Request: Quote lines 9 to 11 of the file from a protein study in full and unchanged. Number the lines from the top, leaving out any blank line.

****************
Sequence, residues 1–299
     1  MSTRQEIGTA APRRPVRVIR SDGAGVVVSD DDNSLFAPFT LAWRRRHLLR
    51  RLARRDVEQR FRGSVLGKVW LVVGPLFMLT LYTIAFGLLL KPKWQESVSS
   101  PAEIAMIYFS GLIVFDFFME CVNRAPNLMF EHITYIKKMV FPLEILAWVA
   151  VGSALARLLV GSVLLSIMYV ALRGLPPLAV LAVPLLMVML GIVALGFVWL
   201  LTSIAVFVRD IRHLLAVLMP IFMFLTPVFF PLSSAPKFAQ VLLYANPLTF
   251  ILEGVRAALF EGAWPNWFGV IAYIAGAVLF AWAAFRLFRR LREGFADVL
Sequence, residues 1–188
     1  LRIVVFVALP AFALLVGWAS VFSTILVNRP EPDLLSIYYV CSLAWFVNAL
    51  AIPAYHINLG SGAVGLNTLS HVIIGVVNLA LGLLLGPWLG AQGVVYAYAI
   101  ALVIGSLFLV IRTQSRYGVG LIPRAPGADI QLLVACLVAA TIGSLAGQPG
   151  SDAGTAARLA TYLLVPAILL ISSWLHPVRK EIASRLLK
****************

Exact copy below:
     1  LRIVVFVALP AFALLVGWAS VFSTILVNRP EPDLLSIYYV CSLAWFVNAL
    51  AIPAYHINLG SGAVGLNTLS HVIIGVVNLA LGLLLGPWLG AQGVVYAYAI
   101  ALVIGSLFLV IRTQSRYGVG LIPRAPGADI QLLVACLVAA TIGSLAGQPG